To have access to a class means to have the ability to subclass or instantiate that class. There are only two different types of access for a class:

To have access to a variable means to have the ability to change or examine the value of the variable. To have access to a method means to have the ability to execute or override that method. There are five different types of access for a variable or method:

The default package access gives the programmer freedom within a package to access other classes of that package without having to deal with access restrictions. At the same time, the default package access of a packaged class excludes access by any class outside of the package, promoting implementation hiding.

If you get compilation errors when you attempt to group your classes into separate packages, verify that your CLASSPATH is properly set and your classes are in the correct directory structure for their package name. If they are, then the access type of a class, variable, or method is the probable cause of the problem.

Many programmers unintentionally leave off access modifiers, and this means that their constructors, methods, variables, and classes have the default package type access. This would go unnoticed if all classes were in one package together or were not in a user-defined package. But once the programmer attempts to divide classes into different packages, then classes no longer have access to methods and variables that they did before.

An example of cross-package errors is illustrated in the following two listings, with two classes in separate packages: tools.ToolC and util.ClassA.

Listing 25. 1. Importing ClassA from package util.
package tools;
import util.*;

public class ToolC {
     ClassA a = new ClassA(this);   //  attempting to instantiate
                                    //  class from another package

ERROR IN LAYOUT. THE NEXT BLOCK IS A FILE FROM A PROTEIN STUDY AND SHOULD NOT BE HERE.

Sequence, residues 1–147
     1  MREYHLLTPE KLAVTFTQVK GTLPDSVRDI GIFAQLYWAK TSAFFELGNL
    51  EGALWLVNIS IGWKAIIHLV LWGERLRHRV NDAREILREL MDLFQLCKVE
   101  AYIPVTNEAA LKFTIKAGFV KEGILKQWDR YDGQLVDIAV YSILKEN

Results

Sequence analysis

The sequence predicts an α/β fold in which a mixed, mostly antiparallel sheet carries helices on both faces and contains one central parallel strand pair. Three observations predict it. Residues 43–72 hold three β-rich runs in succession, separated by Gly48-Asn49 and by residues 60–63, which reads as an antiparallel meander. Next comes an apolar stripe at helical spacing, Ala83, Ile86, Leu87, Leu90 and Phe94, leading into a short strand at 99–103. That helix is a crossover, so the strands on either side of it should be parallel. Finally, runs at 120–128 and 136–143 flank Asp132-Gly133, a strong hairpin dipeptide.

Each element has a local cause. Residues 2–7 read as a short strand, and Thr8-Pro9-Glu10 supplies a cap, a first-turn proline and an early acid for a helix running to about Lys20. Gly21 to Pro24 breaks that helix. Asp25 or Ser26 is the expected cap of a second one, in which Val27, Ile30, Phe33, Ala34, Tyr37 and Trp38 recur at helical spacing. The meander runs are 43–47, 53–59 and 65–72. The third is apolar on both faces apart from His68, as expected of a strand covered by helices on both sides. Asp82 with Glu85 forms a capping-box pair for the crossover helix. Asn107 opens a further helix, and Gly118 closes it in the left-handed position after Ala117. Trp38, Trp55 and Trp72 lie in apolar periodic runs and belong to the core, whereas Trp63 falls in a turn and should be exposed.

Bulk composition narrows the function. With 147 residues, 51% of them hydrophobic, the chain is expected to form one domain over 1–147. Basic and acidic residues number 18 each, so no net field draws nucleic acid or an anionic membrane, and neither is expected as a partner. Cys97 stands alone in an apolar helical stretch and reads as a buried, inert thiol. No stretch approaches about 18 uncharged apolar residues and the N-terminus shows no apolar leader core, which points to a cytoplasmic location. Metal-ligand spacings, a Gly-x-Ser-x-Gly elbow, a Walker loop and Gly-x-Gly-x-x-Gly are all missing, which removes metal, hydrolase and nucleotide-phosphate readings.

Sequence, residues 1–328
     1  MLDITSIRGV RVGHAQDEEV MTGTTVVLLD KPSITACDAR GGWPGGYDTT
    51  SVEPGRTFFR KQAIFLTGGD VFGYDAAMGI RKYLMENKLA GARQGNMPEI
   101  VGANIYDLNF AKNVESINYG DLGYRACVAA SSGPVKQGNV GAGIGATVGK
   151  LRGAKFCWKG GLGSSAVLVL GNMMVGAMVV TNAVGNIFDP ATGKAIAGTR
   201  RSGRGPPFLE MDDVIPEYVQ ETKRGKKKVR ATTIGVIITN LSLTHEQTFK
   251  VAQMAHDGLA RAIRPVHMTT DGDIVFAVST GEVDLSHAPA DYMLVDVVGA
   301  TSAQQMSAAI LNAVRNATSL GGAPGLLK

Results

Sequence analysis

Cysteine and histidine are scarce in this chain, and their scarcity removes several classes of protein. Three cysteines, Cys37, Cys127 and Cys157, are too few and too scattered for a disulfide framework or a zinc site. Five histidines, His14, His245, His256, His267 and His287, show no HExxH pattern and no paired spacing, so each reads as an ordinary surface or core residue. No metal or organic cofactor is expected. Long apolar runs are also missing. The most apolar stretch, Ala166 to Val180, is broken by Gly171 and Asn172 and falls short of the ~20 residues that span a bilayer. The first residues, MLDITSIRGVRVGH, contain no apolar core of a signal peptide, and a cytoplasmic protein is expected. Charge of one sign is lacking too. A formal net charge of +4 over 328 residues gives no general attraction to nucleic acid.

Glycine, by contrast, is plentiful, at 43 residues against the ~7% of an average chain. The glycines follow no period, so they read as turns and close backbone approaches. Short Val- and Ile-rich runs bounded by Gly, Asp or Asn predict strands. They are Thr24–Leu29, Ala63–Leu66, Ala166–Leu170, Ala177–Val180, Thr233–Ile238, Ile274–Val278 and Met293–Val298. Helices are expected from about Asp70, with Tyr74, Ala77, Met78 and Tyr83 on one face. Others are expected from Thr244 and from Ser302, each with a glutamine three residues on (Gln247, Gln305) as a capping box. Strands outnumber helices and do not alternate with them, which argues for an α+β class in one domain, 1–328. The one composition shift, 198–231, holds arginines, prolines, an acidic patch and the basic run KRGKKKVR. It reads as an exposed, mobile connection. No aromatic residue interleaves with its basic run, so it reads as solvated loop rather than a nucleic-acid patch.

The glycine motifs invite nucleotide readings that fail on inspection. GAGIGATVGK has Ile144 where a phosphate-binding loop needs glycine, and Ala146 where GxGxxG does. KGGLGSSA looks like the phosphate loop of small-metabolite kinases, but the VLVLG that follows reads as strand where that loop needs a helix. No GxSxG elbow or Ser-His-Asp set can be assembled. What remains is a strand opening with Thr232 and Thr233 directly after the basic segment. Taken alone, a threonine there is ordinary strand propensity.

Listing 25. 2. Importing class ToolC from package tools.
package util;
import tools.*;

public class ClassA {
     ClassA (ToolC tc) {}          //  constructor has default package access

The error that follows is the result of compiling the above two classes. Both classes have the correct import statements to import each other. But class tools.ToolC attempts to access a constructor from class util.ClassA and the constructor for util.ClassA has the default package access, which makes it inaccessible to classes outside of its package.

./tools/ No constructor matching
ClassA(tools.ToolC) found in class util.ClassA
ClassA a = new ClassA(this);
1 error    ^

If the access modifier public is placed before the constructor for class util.ClassA, it compiles without errors.

The accessibility type of a variable or method determines whether or not it will be visible in the API documentation generated by the Sun tool javadoc. The API document generation tool is described in the following section.

Documentation Generation Using javadoc

Documenting applets and applications is not a favorite task for most programmers, but the Sun JDK includes an API documentation generation tool, named javadoc, which makes it less painful. javadoc generates documentation from your properly commented Java source. With this tool you can produce polished HTML file documentation similar to the Sun Java API. Because the documentation is generated from the source, there is no longer a problem with outdated documentation. The documentation always reflects the current state of the source. Also, because the documentation is in HTML format, users can breeze from one associated class to another with a press of the mouse button on a hyperlink.

The javadoc tool is capable of generating HTML files containing the following:

The class NotDocumentedClass looks as follows:

import java.awt.*;
public class NotDocumentedClass extends Panel {
public NotDocumentedClass ()  {
       Color currentcolor = getBackground();
public void addButton(String label){
       if (label == null) label = "EmptyButton";
       add(new Button (label));

javadoc generates documentation only for variables and methods with public, protected, or private protected access. Any comments relating to private or default package variables and methods are not translated to the output documentation. This is in keeping with object-oriented methodology where only what is accessible to others should be revealed.

To generate documentation for the NotDocumentedClass class (which is in the default unnamed package), execute the javadoc command with the class source file name as an argument. Remember, the documentation is generated off of the source file, so you must inform javadoc where your source is. You can do this in one of three ways: you can change into the same directory as the source file, you can fully qualify the directory name of the source file, or you can use the -classpath option of the javadoc command.